• 3. ISSN: 2278 – 1323 International Journal of Advanced Research in Computer Engineering & Technology Volume 1, Issue 5, July 2012different repetition of the experiment, and each column gives algorithm builds a model that predicts whether a newthe results from a particular probe. example falls into one category or the other. Intuitively, an Given a set of points in Euclidean space, the first principal SVM model is a representation of the examples as points incomponent (the eigenvector with the largest Eigen value) space, mapped so that the examples of the separate categoriescorresponds to a line that passes through the mean and are divided by a clear gap that is as wide as possible. Newminimizes sum squared error with those points. The second examples are then mapped into that same space and predictedprincipal component corresponds to the same concept after to belong to a category based on which side of the gap theyall correlation with the first principal component has been fall on.subtracted out from the points. Each Eigen value indicates the Multiclass SVM aims to assign labels to instances byportion of the variance that is correlated with each using support vector machines, where the labels are drawneigenvector. Thus, the sum of all the Eigen values is equal to from a finite set of several elements [9]. The dominatingthe sum squared distance of the points with their mean approach for doing so is to reduce the single multiclassdivided by the number of dimensions. PCA essentially problem into multiple binary classification problems. Each ofrotates the set of points around their mean in order to align the problems yields a binary classifier, which is assumed towith the first few principal components. This moves as much produce an output function that gives relatively large valuesof the variance as possible (using a linear transformation) for examples from the positive class and relatively smallinto the first few dimensions. The values in the remaining values for examples belonging to the negative class. Twodimensions, therefore, tend to be highly correlated and may common methods to build such binary classifiers are wherebe dropped with minimal loss of information. In this way, the each classifier distinguishes between (i) one of the labels toPCA is used in this experiment for dimensionality reduction. the rest (one-versus-all) or (ii) between every pair of classesFig. 5 shows 10 Eigen images resulted from PCA. Thus, the (one-versus-one). Classification of new instances for30 X 30 down sampled image is applied to PCA and total 900 one-versus-all case is done by a winner-takes-all strategy, indimensions are represented with 10 Eigen vectors. Gabor + which the classifier with the highest output function assignsPCA feature vectors that are actually used for classification, the class (it is important that the output functions beare formed by projecting the zero mean data into the PCA calibrated to produce comparable scores). For theeigenvectors where Vr is the one-versus-one approach, classification is done by ar – rank. PCA is projection matrix and T represents the max-wins voting strategy, in which every classifier assignstranspose operator. Employing PCA projection, the the instance to one of the two classes, then the vote for thedimension is reduced from p to r, where r << p. The assigned class is increased by one vote, and finally the classexperiments were run for r = {5, 10, 20, 30 . . . 150}. with most votes determines the instance classification. Here, in this experiment the SVM is trained with the images from training dataset whose classes are known. Total 258 training images are taken from dataset. Dataset has 64 testing images which are classified with SVM as benign, normal or malign. TABLE 1. RECOGNITION RATE EXPRESSED IN % WITH DIFFERENT ORIENTATIONS. THE RANK (r) CORRESPONDING TO THE BEST RR IS GIVEN IN PARENTHESIS. Frequency Recognition Features Orientation range Rate (%) 0 65.62 (60) π/4 67.18 (20) Low Figure 5. Each row depicts 10 Eigen images obtained by Gabor filter frequency π/2 68.75 (5) applying PCA for the Matrix Xkc and columns contain and PCA range 3π/4 64.06 (5)concatenated Gabor convolution results corresponding to 4 orientations and 3 frequencies (low frequency range). All 84.375 (10) 0 65.62 (10) V. SUPPORT VECTOR MACHINE π/4 64.06 (5) High Gabor filter frequency π/2 71.87 (40) Support vector machines (SVMs) are a set of related and PCA rangesupervised learning methods that analyze data and recognize 3π/4 64.06 (5)patterns, used for classification and regression analysis. The All 68.75 (20)standard SVM is a non-probabilistic binary linear classifier, PCA - - 65.62 (30)i.e. it predicts, for each given input, which of two possibleclasses the input is a member of. Since an SVM is a classifier,then given a set of training examples, each marked asbelonging to one of two categories, an SVM training 305 All Rights Reserved © 2012 IJARCET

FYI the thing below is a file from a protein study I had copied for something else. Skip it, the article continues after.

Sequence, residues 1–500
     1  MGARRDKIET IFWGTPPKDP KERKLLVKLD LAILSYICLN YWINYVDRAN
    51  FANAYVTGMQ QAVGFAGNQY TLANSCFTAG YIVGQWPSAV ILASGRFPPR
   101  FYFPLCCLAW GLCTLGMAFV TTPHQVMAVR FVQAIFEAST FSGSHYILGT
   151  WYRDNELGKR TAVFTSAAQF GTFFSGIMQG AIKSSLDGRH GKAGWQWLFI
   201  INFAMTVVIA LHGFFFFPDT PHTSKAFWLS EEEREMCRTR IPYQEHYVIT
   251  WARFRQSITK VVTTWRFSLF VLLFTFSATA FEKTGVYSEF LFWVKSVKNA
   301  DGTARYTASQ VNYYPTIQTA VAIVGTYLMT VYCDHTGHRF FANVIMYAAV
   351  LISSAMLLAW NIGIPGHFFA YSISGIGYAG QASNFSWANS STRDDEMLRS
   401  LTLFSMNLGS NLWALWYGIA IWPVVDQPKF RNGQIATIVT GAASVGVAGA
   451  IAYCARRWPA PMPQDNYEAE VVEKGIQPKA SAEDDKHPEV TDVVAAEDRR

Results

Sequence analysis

• 4. ISSN: 2278 – 1323 International Journal of Advanced Research in Computer Engineering & Technology Volume 1, Issue 5, July 2012 VI. CONCLUSION [10] O. R. Zaiane, M. L. Antonie, A. Coman, The system works on two filter banks, low frequency and ―Mammography Classification by an Association Rule-high frequency. Initially, the patches of 140 x 140 are based Classifier‖, In Third International ACMextracted from mammographic images. The images are SIGKDD workshop on multimedia data mining (MDM/KDD’2002) in conjunction with eighth ACMpassed through 12 different Gabor filters. The features are SIGKDD, pp. 62–69, 2002.obtained by convolving patches representing tumor or [11] T. Lee, ―Image Representation using 2d Gabortumor-free areas with several Gabor filters and are employed Wavelets,‖ IEEE Trans.Pattern Analysis and Machinefor recognition purpose. The large dimension images are Intelligence, vol. 18, no. 10, pp. 959–971,1996.then down sampled to the size of 30 X 30 pixels. Also, these [12] Mammographic Image Analysis Society,give large number of dimensions so applied to PCA to reduce dimensionality. The results of different frequency ranges web.htmlof Gabor filter coupled with PCA and different orientations [13] tabulated in table 1. Also, the result obtained by using the index.htmlPCA directly is given. From all these results, Gabor features Pravin S. Hajare B.E. E & Tc, M.E Digital systems (Pursuing) fromseem to posses more discriminative power than PCA features Sinhgad college of Engineering, Pune, M. S. India, has teaching experienceas Gabor filter with low frequency and all orientations gives of 8 years in Pune university M.S. India.the highest recognition rate of 84.375% among all. REFERENCES[1] Anna N. Karahaliou, Ioannis S. Boniatis, Spyros G. Skiadopoulos, Filippos N. Sakellaropoulos, Nikolaos S. Arikidis, Eleni A. Likaki, George S. Panayiotakis, and Lena I. Costaridou , ―Breast Cancer Diagnosis:Analyzing Texture of Tissue Surrounding Microcalcifications ―, Vaibhav V. Dixit Assistant professor, Department of Engineering., Sinhgad 2008 IEEE Transactions on Information Technology in college of Engineering., Pune M.S. India, Pursuing his PhD in Image Biomedicine, VOL. 12, NO. 6, November processing, has working experience of 16 years.[2] Lori M. Bruce, Ravikiran Kalluri,‖ An analysis of the contribution of scale in mammographic mass classification‖, Proceedings - 19th International Conference - IEEE/EMBS Oct. 30 - Nov. 2, 1997 Chicago, IL. USA[3] Ibrahima Faye, Brahim Belhaouari Samir, Mohamed M. M. Eltoukhy,‖ Digital Mammograms Classification Using a Wavelet Based‖, 2009 Second International Conference on Computer and Electrical Engineering Feature Extraction Method[4] Jie Luo, Bo Hu, Xie-Ting Ling, and Ruey-Wen Liu,‖ Principal Independent Component Analysis ―, IEEE TRANSACTIONS ON NEURAL NETWORKS, VOL. 10, NO. 4, JULY 1999[5] R. M. Rangayyan, R. J. Ferrari, J. E. L. Desautels, A. F. Fr`ere, ―Directional analysis of images with Gabor wavelets‖, In: Proc. of XIII Brazilian Symposium on Computer Graphics and Image Processing, SIBGRAPI, pp. 170–177, 2000.[6] R. N. Strickland, H. Hahn, ―Wavelet Transforms for Detecting Microcalcifications in Mammograms‖, IEEE Trans. on Medical Imaging, 15, pp.218–229, 1996.[7] H. S. Sheshadri, A. Kandaswamy,―Breast Tissue Classification Using Statistical Feature Extraction Of Mammograms‖, Medical Imaging and Information Sciences, 23(3), pp. 105–107, 2006.[8] Y. Sun, C. F. Babbs, E. J. Delp, ―Normal Mammogram Classification based on Regional Analysis‖, The 2002 45th Midwest Symposium on Circuits and Systems, 2, pp. 375–378, 2002.[9] L. Wei, Y. Yang, R. M. Nishikawa, Y. Jiang, ―A Study on Several Machine-Learning Methods for Classification of Malignant and Benign Clustered Miycrocalcifications‖, IEEE Trans. on Medical Imaging, 24(3), pp. 371–380, 2005. 306